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  • In Game 3, Scottie Pippen led the Bulls' defensive charge.
  • Before Game 4, Dennis Rodman missed practice, and then was criticized for it by Jazz Coach and former Bulls player Jerry Sloan.
  • Game 3: Bulls 96, Jazz 54
  • Game 2: Chicago 93, Utah 88
  • Game 1: Utah 88, Chicago 85 (OT)

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  • 1998 NBA Finals Section
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  •   Bulls Put Jazz On the Brink

    Bulls Logo

    By Ric Bucher
    Washington Post Staff Writer
    Thursday, June 11, 1998; Page E1

    CHICAGO, June 10 — Bullhorn-toting drill sergeants, ruler-wielding school teachers and anyone else who holds dear discipline and the strict adherence to regulations took one on the chin tonight, along with the Utah Jazz. Courtesy of Dennis Rodman.

    Rodman, after being both maligned and fined for skipping practice on Monday and flying to Detroit to participate in a pro-wrestling event, grabbed all the big rebounds and made all the important free throws down the stretch to help the Bulls to an 86-82 victory and a 3-1 lead in the best-of-seven NBA finals. With Rodman making 5 of 6 free throws over the final 6o minutes and snaring 14 rebounds, the Bulls now have a chance to wrap up their third consecutive title, and sixth in eight years, on their home court Friday. No team has recovered from a 3-1 deficit in league finals' history.

    "Dennis likes to back himself into a corner and then come out with shining laurels," said Bulls Coach Phil Jackson, offering his praise through a tight smile. "He did it tonight."

    A 55 percent free throw shooter, Rodman did what neither the team's more illustrious stars (Michael Jordan and Scottie Pippen) or any other Bull could do at crunch-time-he was perfect from the line, making his last four in the final three minutes.

    Jordan, who finished with 34 points but missed three of his last six free throws, was baffled by Rodman's performance, taking note of his strong defense on Jazz forward Karl Malone as well. Malone finished with 21 points, but he nearly went scoreless in both the second and fourth quarters, avoiding that inauspicious feat by hitting a meaningless jumper with 9 seconds left and the Bulls ahead by seven.

    "I'll never figure this guy out, I won't even start," Jordan said of Rodman. "Somehow he's always ready to play the game of basketball, especially when the game is of the essence. I think he went to Detroit to put the pressure on himself. Then the guy steps up and makes four free throws. He may go wrestle tomorrow, he may not show up for practice, I don't know. But he seems to excel in adversity. It's amazing."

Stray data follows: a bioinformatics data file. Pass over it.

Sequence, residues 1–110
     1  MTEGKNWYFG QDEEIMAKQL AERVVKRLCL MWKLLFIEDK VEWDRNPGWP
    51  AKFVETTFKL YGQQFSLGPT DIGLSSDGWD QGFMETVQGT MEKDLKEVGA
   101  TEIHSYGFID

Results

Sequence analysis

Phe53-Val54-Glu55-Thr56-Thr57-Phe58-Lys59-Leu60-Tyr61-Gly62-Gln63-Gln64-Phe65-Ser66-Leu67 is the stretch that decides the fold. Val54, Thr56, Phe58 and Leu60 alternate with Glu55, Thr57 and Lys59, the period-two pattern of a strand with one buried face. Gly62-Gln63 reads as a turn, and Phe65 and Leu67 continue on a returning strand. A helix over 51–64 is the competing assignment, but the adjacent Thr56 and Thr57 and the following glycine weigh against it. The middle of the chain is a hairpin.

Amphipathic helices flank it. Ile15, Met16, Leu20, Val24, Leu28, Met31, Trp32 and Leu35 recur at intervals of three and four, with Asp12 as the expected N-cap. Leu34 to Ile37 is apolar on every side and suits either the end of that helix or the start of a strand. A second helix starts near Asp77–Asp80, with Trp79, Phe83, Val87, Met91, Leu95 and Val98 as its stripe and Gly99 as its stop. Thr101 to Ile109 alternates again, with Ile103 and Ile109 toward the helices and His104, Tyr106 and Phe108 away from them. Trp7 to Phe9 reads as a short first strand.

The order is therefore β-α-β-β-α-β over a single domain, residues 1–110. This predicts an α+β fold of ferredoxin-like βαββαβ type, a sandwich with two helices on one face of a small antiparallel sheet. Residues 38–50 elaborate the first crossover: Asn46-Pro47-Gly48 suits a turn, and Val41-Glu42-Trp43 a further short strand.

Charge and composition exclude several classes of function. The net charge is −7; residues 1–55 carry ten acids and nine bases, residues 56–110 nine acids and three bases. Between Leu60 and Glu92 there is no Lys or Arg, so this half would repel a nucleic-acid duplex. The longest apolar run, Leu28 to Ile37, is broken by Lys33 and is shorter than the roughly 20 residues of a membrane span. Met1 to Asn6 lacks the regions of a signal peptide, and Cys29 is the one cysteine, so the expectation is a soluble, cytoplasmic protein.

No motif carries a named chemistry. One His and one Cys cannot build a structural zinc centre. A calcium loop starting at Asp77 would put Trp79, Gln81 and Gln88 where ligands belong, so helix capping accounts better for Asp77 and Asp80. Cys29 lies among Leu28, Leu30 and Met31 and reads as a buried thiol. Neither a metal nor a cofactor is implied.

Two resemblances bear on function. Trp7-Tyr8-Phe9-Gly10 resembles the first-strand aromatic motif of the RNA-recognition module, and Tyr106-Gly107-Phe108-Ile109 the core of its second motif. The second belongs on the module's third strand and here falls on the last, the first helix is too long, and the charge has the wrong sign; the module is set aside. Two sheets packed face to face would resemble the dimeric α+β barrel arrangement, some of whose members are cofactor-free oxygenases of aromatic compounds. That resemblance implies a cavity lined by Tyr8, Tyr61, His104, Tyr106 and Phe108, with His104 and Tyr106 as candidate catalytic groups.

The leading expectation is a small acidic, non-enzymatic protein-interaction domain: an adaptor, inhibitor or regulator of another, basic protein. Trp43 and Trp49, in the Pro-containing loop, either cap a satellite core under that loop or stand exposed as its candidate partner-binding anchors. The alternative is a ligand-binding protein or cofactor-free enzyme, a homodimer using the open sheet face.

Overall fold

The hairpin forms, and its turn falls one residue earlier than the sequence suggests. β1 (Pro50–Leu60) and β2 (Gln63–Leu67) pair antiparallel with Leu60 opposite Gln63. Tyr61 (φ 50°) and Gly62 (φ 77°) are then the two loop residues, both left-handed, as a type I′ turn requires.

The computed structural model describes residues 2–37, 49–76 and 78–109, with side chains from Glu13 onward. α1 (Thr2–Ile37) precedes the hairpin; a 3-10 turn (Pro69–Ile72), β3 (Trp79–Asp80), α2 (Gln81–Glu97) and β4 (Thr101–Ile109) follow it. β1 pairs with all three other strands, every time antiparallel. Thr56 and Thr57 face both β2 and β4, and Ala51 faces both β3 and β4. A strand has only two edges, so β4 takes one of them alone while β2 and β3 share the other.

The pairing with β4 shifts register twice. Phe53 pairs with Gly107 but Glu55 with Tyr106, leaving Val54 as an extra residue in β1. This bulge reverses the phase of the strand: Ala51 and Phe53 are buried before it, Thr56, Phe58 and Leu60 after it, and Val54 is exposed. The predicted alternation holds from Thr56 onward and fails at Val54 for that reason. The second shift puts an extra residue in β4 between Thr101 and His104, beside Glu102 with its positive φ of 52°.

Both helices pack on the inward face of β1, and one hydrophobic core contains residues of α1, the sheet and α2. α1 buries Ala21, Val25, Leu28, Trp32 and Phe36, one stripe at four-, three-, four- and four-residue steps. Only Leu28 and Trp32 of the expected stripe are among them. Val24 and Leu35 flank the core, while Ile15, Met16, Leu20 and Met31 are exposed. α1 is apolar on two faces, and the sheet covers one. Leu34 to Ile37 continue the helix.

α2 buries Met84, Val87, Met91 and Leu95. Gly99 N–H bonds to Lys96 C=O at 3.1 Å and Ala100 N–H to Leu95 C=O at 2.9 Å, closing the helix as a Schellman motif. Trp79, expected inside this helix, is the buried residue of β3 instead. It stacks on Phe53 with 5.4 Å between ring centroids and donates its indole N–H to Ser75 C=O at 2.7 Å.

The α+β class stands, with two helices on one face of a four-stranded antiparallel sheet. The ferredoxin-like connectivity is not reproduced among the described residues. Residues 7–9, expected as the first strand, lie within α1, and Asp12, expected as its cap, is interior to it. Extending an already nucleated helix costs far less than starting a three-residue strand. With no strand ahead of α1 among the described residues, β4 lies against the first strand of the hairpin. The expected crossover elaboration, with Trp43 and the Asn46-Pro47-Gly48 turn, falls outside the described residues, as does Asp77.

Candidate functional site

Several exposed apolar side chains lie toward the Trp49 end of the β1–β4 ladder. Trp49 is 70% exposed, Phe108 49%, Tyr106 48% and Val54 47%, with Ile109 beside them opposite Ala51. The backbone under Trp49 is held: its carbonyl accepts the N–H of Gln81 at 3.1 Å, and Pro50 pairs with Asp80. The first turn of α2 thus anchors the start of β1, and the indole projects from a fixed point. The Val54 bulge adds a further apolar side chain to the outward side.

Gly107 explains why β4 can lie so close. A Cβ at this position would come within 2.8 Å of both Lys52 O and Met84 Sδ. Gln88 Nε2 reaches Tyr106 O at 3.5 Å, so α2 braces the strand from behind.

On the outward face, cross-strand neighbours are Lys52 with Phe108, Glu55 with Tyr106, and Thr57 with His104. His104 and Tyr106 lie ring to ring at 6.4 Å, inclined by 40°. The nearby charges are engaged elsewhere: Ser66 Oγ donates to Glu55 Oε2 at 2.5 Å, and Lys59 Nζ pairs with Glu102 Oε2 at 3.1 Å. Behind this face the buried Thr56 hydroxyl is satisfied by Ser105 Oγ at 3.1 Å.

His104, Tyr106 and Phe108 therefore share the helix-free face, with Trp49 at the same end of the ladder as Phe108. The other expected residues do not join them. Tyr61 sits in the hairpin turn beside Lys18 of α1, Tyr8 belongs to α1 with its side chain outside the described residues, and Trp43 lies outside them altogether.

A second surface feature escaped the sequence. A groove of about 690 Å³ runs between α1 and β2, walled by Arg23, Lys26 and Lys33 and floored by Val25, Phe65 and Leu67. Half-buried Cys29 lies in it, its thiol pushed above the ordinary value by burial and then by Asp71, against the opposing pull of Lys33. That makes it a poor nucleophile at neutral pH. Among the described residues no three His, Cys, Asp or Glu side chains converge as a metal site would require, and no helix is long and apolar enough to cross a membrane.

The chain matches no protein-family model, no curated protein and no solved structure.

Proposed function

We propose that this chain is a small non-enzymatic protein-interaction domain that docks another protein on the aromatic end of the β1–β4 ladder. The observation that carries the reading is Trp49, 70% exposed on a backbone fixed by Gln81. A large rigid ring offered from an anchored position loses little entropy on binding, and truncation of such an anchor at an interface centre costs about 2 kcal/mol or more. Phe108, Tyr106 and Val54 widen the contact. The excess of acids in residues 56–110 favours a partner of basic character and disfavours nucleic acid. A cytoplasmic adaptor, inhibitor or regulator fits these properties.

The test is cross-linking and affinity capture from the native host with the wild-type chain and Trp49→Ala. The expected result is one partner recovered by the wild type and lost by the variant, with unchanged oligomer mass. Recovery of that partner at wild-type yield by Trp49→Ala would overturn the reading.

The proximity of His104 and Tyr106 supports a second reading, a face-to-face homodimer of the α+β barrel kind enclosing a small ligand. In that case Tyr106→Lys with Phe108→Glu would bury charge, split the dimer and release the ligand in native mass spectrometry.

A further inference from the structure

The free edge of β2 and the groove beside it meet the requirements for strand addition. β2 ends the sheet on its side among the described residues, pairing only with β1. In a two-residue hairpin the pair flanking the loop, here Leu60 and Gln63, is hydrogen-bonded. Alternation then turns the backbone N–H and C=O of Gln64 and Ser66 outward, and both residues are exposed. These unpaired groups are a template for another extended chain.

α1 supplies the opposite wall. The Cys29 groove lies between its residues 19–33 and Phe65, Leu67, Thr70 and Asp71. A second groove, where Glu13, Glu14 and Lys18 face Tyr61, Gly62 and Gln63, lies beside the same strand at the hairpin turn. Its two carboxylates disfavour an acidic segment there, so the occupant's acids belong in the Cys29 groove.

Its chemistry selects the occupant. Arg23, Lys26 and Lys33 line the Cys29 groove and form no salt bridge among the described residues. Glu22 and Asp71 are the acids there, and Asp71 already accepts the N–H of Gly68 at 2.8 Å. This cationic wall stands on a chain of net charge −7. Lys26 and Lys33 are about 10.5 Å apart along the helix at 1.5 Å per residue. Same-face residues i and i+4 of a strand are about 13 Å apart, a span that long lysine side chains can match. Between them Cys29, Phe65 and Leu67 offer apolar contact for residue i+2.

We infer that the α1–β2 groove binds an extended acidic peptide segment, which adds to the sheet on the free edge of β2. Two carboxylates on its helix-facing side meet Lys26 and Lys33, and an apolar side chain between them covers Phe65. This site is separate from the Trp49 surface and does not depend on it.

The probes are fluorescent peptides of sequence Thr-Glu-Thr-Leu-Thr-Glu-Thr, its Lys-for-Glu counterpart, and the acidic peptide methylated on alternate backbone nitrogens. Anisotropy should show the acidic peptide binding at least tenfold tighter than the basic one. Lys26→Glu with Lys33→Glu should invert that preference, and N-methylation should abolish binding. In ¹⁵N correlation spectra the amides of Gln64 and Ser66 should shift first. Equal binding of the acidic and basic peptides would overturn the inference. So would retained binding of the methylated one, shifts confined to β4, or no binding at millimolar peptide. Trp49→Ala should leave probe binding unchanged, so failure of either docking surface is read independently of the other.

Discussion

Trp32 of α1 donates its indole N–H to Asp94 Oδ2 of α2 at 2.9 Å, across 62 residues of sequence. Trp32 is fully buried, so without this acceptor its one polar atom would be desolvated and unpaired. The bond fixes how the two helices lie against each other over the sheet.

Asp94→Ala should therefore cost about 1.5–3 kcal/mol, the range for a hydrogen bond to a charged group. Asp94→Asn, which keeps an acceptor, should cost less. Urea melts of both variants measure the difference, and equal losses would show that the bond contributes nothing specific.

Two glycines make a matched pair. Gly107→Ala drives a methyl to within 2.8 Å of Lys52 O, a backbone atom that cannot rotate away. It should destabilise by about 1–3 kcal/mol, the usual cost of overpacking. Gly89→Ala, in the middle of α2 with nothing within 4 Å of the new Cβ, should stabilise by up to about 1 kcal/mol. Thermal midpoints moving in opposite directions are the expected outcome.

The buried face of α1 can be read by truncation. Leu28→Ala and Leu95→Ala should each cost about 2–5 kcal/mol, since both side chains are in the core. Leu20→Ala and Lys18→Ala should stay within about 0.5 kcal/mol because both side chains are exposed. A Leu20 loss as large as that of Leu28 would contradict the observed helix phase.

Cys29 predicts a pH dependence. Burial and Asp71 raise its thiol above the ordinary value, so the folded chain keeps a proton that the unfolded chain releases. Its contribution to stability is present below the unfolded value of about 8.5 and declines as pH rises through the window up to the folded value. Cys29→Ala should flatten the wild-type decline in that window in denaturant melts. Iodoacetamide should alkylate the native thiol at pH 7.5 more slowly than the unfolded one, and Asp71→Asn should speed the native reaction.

With the Bulls trying to protect a 69-66 lead, Jordan missed a pair of free throws. After their edge had dwindled to 71-70, Ron Harper missed the first of two foul shots. With 81 seconds left and the Bulls leading 78-75, Scottie Pippen had a chance to put the game out of reach but he, too, missed his first attempt before making the second.

    Rodman to the rescue. Fouled after snaring the sixth of his seven offensive rebounds with the score tied at 74, Rodman made both of his free throws, pushing the Bulls ahead by two, and for good. It was still at two (79-77), though, with 43.8 seconds left when he was fouled again, this time grabbing the by-product of an air ball jump shot by Jordan and hit both free throws again.

    "He was our most reliable free throw shooter tonight," Jackson said.

    The Jazz came out with all the energy and determination expected from a team that had expended so little of either three days earlier in getting whipped by 42 points-but continued problems on the defensive glass prevented them from reaping many dividends. The Bulls, on their first possession, missed a pair of shots and nearly turned the ball over (Bryon Russell ripping the ball loose from Pippen in the lane) but each time a Chicago player got to the loose ball a step ahead of his Utah counterpart.

    End result: Pippen buried a three-pointer, erasing whatever momentum the Jazz had after lobbing into Malone for an easy layup on their first possession. The same slip-up on Chicago's next possession turned a missed jumper by Jordan into a Pippen-assisted layup by Jordan.

    "Scottie obviously came out with guns blazing," Jackson said.

    In fact, Chicago's first eight points were scored off second chances, and the Jazz visibly dropped their shoulders after each basket.

    But unlike earlier in the series, at least the Jazz was just as successful harvesting the rebounds of its missed shots, grabbing 11 offensive rebounds in the first half to the Bulls' 12. Credit Adam Keefe, who Coach Jerry Sloan started at center for the first time this season, for closing the gap. In 13 first-half minutes, Keefe grabbed six rebounds, including three offensive ones, and Toni Kukoc to four first-half points, the same Kukoc who scored in double digits in the first halfs of both Games 2 and 3.

    "Tonight was like an appetizer, Friday could be an entree," Jordan said. "We can't just fill ourselves up on an appetizer. This job is not done. We can taste it sure, we're in control, but the job is not done."

    © Copyright 1998 The Washington Post Company

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